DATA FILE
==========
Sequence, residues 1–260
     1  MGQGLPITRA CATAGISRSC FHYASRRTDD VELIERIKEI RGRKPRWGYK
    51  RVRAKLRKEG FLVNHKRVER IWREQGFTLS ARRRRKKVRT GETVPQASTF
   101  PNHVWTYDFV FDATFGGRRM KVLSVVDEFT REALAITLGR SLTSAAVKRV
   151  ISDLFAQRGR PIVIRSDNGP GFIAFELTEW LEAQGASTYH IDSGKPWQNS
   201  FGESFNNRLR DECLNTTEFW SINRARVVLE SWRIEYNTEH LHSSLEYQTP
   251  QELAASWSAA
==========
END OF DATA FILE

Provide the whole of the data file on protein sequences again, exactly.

Sequence, residues 1–260
     1  MGQGLPITRA CATAGISRSC FHYASRRTDD VELIERIKEI RGRKPRWGYK
    51  RVRAKLRKEG FLVNHKRVER IWREQGFTLS ARRRRKKVRT GETVPQASTF
   101  PNHVWTYDFV FDATFGGRRM KVLSVVDEFT REALAITLGR SLTSAAVKRV
   151  ISDLFAQRGR PIVIRSDNGP GFIAFELTEW LEAQGASTYH IDSGKPWQNS
   201  FGESFNNRLR DECLNTTEFW SINRARVVLE SWRIEYNTEH LHSSLEYQTP
   251  QELAASWSAA